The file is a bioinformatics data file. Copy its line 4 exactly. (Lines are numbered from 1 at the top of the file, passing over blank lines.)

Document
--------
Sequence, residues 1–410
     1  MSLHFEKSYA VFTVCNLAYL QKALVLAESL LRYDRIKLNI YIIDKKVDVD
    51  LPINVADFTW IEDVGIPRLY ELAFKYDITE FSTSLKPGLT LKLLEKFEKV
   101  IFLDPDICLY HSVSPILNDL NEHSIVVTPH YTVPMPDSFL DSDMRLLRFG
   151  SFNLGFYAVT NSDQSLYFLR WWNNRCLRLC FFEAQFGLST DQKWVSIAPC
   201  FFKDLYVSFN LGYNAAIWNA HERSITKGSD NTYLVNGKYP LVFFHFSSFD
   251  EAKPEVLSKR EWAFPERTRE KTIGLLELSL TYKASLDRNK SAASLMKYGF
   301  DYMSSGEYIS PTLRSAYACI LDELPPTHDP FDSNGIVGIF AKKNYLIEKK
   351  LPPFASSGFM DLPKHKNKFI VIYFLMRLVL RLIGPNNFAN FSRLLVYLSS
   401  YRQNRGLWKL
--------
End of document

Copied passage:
   101  IFLDPDICLY HSVSPILNDL NEHSIVVTPH YTVPMPDSFL DSDMRLLRFG